David E. Kelley Productions
by David Jon Wiener Sr. Editor, Feature Films
In 1995, David E. Kelley signed a deal with 20th Century Fox to create and produce four series over five years. With Ally McBeal on Fox, The Practice on ABC, and Chicago Hope on CBS, Kelley Productions delivers 12 hours per month of network programming favored by audiences and critics alike. Kelley writes much of this material himself (in longhand on legal pads), making him one of the most prolific producer-writers in the industry. Surrounding him is a team of producers , the subjects of this interview, who handle the hectic responsibilities of day-to-day production: Jeffrey Kramer, Jonathan Pontell and Robert Breech.
POV: How did each of you come to know and work with David Kelley?
Jeffrey Kramer: I was running development for Fox when we became friends. He once said to me, “If I ever have a company, I’d love for you to run it” and I thought yeah, yeah, yeah. But he actually meant it and it happened about five years ago. I’m President of Kelley Productions and Co-Executive Producer of both Ally McBeal and The Practice.
Jonathan Pontell: This is my tenth year with David. I met him while I was an editor on L.A. Law; I was there for seasons four, five and six. My last year there, David left to create a new series and we agreed that when he was ready to do the pilot, I’d leave L.A. Law. By that time, I’d become an associate producer. I left and edited the pilot for David’s new series. I stayed with him through four years of Picket Fences. By the end of that show, I was a full producer and starting to direct. I was a producer on The Practice and did some directing, then we moved on and did Ally. David asked me to edit the Ally pilot - last year I directed three episodes and am now co-executive producer. I’ll be directing two more Allys this season. Last year, I also worked on The Practice, watching cuts and giving notes. But it was too much to do, so Bob Breech is now co-executive producer exclusively for The Practice and I’m just working on Ally.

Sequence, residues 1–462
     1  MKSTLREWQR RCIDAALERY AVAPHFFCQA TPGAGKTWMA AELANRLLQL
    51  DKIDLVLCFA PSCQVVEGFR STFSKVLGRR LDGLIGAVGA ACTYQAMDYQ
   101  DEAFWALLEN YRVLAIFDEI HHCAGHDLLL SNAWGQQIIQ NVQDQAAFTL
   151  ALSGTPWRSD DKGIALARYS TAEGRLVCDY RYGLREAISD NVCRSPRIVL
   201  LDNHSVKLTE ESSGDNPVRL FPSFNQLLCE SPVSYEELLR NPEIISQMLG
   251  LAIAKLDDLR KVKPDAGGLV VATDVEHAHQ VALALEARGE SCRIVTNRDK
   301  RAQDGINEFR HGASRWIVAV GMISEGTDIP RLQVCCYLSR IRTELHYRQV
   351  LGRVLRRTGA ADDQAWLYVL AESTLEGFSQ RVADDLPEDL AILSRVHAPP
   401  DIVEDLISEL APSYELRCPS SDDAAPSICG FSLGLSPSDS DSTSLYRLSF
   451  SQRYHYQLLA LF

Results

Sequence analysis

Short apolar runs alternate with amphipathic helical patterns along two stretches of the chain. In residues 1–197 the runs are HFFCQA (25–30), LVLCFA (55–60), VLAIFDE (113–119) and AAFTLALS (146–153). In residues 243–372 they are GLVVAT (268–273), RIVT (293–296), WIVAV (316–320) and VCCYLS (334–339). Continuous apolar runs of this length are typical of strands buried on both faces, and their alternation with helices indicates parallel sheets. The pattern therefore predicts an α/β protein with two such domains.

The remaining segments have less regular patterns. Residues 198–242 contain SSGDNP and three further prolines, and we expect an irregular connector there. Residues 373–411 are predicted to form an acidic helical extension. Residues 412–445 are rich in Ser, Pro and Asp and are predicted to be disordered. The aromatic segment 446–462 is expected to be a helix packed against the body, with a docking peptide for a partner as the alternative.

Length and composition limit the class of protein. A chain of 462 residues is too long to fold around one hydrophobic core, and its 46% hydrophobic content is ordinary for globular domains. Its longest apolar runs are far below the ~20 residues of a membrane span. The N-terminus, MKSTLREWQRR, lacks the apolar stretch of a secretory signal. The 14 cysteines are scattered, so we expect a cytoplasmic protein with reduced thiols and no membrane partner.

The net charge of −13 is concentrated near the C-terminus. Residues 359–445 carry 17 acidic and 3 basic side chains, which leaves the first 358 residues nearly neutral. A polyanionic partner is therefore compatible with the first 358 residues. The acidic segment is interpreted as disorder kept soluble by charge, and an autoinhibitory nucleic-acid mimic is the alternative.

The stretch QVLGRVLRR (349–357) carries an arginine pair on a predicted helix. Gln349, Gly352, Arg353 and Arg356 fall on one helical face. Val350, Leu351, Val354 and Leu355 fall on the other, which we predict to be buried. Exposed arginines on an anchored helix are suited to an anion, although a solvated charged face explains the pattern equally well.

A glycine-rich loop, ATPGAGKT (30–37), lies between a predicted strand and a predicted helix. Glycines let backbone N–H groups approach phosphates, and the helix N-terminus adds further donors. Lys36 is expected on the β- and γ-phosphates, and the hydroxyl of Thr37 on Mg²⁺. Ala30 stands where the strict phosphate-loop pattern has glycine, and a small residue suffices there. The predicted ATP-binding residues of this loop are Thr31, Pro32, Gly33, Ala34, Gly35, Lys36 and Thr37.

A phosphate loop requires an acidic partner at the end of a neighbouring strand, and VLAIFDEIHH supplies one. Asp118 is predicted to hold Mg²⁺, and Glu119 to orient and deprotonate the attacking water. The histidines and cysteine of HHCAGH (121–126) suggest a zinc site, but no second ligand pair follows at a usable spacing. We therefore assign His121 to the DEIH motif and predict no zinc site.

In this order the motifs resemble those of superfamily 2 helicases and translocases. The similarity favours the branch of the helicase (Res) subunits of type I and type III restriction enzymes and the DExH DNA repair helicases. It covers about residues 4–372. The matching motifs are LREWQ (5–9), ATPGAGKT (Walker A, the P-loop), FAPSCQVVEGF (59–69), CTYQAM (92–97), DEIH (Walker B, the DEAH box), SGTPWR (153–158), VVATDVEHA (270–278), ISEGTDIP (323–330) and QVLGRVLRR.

Robert Breech: I met David Kelley in 1986 when we both came together on L.A. Law. I had been a lawyer, too, but had finished practicing about two years prior to that time. I’d quit the law and got an MFA in producing at USC. I worked briefly in documentaries, did a couple of features and then met a neighbor of mine, Gregory Hoblit, who was Steven Bochco’s right-hand man [Greg currently directs features, Primal Fear and Fallen.]. It was Greg who supported me and introduced me to the Bochco organization. When I knew David was going to leave L.A. Law at the end of its fifth year, we agreed to work together in the future. I knew he had a commitment with CBS but he had not delivered anything at that time. I remained with L.A. Law for its sixth season while David wrote a feature and developed Picket Fences with CBS. I then came aboard as a producer on Picket Fences. Under David’s deal with ABC, we had The Practice first and then the Ally McBeal pilot on which I worked fairly extensively during the shoot. More recently, however, my involvement has been exclusively with The Practice.
POV: How did Ally McBeal get started?
JK: With Ally, David knew the Fox commitment was going to be Mondays at 9:00pm. They said, “Here’s the time slot - we want you to do a show for us.” He created it to follow Melrose Place. The main character is very real. For every three steps forward, she takes two back just like the rest of us.
POV: Jeffrey, did you come from a law background into this business?
JK: No, I was an actor.
POV: Do you still act?
JK: No, thank God, no! I’ve retired. However, I did play the pedestrian in the Ally pilot - David’s idea - the one she bumps into and screams at.
POV: Anybody else appear on-screen?
JP: I did a couple cameos on Picket Fences. I played a guy who stole panties from a laundromat; in a later episode, I came back dead because I tried to steal someone’s panties while they were still wearing them. I was on a slab in that one; my mother was very upset.
POV: Who owns the shows?
JK: Fox owns the copyright and trademark. The rest of us are employees.
POV: How many scripts do you like to have at the beginning of each year?
JK: As many as possible. But sometimes, there’s only one or two. And David does all the writing. We do occasionally give out scripts but, basically, it’s all David Kelley.